Orioles' Hemond had his hook baited, but the Mets reeled in the big fish

BASEBALL

December 15, 1991|By PETER SCHMUCK

Baltimore Orioles general manager Roland Hemond returned from a brief nap on the beach the other day, looking very much the Florida tourist. It was the shirt that blew his cover.

The silk-screen design showed a large fish on the hook and put the annual winter meetings very much in perspective.

It read: "I'd rather be marlin fishing in Cabo San Lucas."

Hemond will get his wish soon. He will travel home to California this week and take the family on a Christmas vacation to Mexico. Perhaps he'll even drop a line in the water.

It didn't take him long to figure out that there were no big fish to be caught in Florida, where the Orioles and everybody else went to watch the New York Mets put together the best team in baseball. The Mets got two-time Cy Young Award winner Bret Saberhagen to go with free agents Bobby Bonilla and Eddie Murray. The Orioles got Storm Davis to go with minor-league free agent Eric Hetzel and Rule V draftee Darrell Sherman. So it goes.

This is offered for the purpose of contrast, not criticism. The Davis deal could turn out very well for the Orioles, or it could turn out to be insignificant. Most of the deals struck last week fall into the same category. A record number (51) of players changed teams, but only a handful of them will have an impact on the outcome of the 1992 season.

Saberhagen is certain to. The Mets will enter the season with a rotation that also includes David Cone, Sid Fernandez, Dwight Gooden and -- if all goes well -- Frank Viola. They should not lack for run support.

Power hitter Kevin Mitchell should help the Seattle Mariners if he can adjust to American League pitchers.

Outfielder Dave Martinez is considered an important acquisition for the Cincinnati Reds, though no one can really explain why. It can't have anything to do with his career statistics.

The winter meetings are not exciting. They are to baseball what the laborious 20-minute wedding scene was to "The Deer Hunter." All setup. But this year's convention was better than advertised, thanks to the White Rat and the rest of strange managerie that populated the Fontainebleau Hilton Resort for the better part of a week.

There were plenty of headlines, and not a few punch lines. Here is a look back at some of them:

Headline: Hayes traded to Angels

Story line: In the first significant deal of the meetings, the California Angels dealt first-round draft choice Kyle Abbott and promising outfielder Ruben Amaro Jr. for 33-year-old outfielder Von Hayes, who had 21 RBI last year.

Punch line: Hayes finally got traded, ending nine years of speculation about his future with the Philadelphia Phillies. Now it will be known as his past with the Philadelphia Phillies, which is all the Angels may be getting for two top prospects and about $2 million.

*

Headline: Herzog blasts agent

Story line: Angels senior vice president Whitey Herzog harshly criticized agent Dennis Gilbert after the Angels lost a bidding war for free-agent outfielder Bobby Bonilla. Herzog thought the Angels had a deal for $27.5 million. Gilbert used it to bid the price up to $29 million before placing Bonilla with the Mets, prompting Herzog to claim he would never bid on another Gilbert client.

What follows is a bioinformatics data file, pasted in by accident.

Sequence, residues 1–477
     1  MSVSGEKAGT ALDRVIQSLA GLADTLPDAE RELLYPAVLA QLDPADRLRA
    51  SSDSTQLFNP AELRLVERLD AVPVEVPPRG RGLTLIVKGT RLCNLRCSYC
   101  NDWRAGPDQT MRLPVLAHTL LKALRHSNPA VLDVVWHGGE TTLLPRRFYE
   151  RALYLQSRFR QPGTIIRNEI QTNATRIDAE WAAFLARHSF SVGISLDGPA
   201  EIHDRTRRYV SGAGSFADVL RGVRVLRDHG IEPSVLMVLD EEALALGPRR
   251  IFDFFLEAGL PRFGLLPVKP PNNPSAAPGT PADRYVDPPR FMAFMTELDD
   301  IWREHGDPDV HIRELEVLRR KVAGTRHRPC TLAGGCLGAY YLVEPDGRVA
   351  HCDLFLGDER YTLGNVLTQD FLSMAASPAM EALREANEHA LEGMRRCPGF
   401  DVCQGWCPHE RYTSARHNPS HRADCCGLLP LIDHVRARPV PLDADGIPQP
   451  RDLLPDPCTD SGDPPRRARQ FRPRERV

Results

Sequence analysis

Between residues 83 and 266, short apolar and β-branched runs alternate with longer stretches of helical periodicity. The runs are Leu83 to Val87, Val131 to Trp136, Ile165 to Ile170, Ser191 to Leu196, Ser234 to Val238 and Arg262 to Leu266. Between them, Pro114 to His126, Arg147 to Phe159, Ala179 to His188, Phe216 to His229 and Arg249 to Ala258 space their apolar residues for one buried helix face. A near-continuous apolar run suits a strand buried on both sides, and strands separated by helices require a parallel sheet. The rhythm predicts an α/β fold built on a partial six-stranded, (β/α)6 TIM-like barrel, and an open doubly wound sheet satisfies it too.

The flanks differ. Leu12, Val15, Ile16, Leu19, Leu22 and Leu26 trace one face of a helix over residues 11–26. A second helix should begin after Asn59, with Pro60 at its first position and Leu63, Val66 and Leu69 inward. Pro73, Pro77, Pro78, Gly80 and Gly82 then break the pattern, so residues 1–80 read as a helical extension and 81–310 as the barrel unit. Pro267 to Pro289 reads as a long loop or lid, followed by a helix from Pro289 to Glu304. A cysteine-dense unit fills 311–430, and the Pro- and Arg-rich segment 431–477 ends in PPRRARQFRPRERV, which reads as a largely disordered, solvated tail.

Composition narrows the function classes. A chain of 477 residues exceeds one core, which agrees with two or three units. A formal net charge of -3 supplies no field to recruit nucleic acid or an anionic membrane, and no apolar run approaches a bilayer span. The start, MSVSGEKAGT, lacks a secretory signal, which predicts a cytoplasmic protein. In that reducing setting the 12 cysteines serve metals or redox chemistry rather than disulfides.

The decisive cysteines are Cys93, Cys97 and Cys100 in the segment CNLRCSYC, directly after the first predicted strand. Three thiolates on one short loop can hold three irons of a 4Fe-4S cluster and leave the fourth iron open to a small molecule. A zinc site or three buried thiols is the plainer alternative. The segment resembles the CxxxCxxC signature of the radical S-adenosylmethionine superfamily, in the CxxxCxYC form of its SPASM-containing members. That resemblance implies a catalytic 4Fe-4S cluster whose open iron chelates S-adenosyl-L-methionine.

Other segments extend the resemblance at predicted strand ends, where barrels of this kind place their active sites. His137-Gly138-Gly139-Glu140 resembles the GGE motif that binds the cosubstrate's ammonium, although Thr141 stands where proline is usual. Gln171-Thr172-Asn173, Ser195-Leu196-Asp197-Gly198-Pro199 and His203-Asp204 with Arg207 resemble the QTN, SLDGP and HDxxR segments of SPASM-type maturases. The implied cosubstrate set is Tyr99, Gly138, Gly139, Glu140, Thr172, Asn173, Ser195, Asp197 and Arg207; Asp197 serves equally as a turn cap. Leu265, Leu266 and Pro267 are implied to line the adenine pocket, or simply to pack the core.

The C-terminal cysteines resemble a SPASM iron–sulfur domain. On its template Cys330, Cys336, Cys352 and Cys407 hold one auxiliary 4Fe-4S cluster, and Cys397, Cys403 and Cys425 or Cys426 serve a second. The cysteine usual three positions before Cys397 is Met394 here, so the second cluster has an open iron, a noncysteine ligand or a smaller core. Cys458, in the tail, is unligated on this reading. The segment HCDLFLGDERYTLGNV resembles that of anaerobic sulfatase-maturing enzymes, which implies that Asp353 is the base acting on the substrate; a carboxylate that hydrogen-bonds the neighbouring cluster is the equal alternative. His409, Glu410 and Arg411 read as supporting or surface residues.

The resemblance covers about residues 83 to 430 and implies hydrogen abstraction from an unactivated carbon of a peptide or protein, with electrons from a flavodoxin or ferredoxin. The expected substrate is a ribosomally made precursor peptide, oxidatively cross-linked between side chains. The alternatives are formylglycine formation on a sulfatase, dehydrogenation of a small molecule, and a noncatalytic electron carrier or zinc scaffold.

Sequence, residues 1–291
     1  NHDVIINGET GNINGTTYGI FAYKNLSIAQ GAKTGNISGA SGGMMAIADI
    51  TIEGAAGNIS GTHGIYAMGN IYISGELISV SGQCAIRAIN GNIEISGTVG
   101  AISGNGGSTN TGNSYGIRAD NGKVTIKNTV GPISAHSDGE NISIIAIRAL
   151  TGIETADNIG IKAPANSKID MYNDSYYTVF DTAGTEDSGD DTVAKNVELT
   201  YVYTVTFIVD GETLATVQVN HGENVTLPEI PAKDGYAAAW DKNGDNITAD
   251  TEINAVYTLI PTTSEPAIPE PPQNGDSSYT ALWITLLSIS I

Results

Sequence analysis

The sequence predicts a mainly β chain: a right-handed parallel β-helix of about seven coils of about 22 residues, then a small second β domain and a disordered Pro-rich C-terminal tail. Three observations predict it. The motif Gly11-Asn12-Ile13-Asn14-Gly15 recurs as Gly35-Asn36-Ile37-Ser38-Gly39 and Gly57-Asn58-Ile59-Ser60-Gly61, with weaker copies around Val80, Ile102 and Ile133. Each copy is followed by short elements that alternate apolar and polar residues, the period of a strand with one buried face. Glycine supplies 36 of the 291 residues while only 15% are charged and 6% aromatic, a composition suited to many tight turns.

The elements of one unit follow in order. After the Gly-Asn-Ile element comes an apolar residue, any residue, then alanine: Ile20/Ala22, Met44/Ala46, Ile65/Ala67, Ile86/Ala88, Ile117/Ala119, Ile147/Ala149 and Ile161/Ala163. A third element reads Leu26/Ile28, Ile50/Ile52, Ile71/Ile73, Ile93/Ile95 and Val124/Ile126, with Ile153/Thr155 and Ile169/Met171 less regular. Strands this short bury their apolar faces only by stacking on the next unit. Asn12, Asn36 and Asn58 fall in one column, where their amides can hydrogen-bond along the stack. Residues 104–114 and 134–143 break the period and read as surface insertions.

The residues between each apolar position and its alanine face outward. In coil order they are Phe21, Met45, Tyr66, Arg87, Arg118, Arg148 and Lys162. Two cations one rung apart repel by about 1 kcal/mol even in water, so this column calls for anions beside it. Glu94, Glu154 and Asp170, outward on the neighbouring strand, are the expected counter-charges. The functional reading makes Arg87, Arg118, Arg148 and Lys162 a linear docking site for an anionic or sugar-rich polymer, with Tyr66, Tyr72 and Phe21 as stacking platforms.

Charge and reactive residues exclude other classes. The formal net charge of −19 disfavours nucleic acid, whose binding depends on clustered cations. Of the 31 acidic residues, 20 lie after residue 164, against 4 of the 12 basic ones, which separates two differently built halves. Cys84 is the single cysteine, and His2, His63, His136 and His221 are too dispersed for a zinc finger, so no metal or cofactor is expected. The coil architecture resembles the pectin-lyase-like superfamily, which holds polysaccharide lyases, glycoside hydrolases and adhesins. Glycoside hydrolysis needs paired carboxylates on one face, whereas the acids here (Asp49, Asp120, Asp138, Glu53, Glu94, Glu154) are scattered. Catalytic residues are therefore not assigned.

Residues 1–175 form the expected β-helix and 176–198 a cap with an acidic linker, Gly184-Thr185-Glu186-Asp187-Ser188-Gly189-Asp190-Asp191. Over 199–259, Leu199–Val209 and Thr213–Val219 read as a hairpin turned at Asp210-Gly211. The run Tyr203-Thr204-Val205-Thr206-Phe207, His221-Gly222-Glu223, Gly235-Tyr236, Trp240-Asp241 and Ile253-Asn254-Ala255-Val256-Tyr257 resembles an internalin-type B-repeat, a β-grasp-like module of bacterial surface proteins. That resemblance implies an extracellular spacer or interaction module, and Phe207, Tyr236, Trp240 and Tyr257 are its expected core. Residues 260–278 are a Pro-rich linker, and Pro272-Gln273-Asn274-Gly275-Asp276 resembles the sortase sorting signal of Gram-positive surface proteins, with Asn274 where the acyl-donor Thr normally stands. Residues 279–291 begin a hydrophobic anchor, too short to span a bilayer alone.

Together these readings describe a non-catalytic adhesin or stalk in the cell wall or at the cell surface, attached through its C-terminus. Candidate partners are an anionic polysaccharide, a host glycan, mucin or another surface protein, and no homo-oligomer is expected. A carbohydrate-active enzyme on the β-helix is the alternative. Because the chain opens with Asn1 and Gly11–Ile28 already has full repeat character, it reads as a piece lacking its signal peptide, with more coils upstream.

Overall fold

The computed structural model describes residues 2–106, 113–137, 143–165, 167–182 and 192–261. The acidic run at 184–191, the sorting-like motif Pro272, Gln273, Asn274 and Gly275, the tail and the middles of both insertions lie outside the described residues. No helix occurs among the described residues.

Punch line: The Angels may have no choice but to bid on another Gilbert client. Outfielder Danny Tartabull is the only quality run-producer left on the market. The Angels gave up 182 RBI when they bought out Dave Winfield and lost Wally Joyner to free agency. They regained only 71 when they acquired Hayes and Hubie Brooks. This was not a good offensive club to begin with.

*

Headline: Mariners acquire Mitchell

Story line: The Mariners traded Bill Swift, Mike Jackson and Dave Burba to the San Francisco Giants for Mitchell, who had just been cleared of a rape charge a few days earlier. The Giants claimed the move was made for purely baseball reasons, but it wasn't hard to put two and two together. It isn't the first time Mitchell has been in trouble with the law.

Punch line: The deal probably was made for purely baseball reasons, but conspiracy theorists have to wonder if the trade isn't a well-orchestrated attempt to frighten the city of Seattle into letting the Mariners move to Florida.

*

Headline: Hemond frustrated with Expos

Story line: Hemond expressed frustration after the Montreal Expos seemingly lost interest in acquiring Orioles first baseman Randy Milligan. "Our patience with them is exhausted," Hemond said. "They don't seem to want to make a deal.

Punch line: The Expos do want to make a deal; they just don't want Milligan. Rumor has it that they wanted to trade pitcher Brian Barnes and infielder Bret Barberie for the new Camden Yards ballpark, which could be dismantled and moved to Montreal for about $100 million less than it takes to build a bleacher section in Quebec.

*

Headline: Nixon re-signs with Braves

Story line: Outfielder Otis Nixon, whose drug-related suspension extends into the 1992 season, signed a two-year contract with the Atlanta Braves that calls for $5.6 million in guaranteed salary and a player option on 1994 that could make the deal worth a total of $8.1 million.

Punch line: Baseball has made its position on drug abuse very clear. If you can't say no to drugs, the very least you can do is settle for a two-year contract.

*

Headline: Mets win National League pennant.

Story line: The Mets have been declared the winner of the 1992 National League pennant. The other 11 clubs voted last week to concede the division title and playoffs and allow the Mets to spend the summer preparing for the World Series.

Punch line: That was the punch line.

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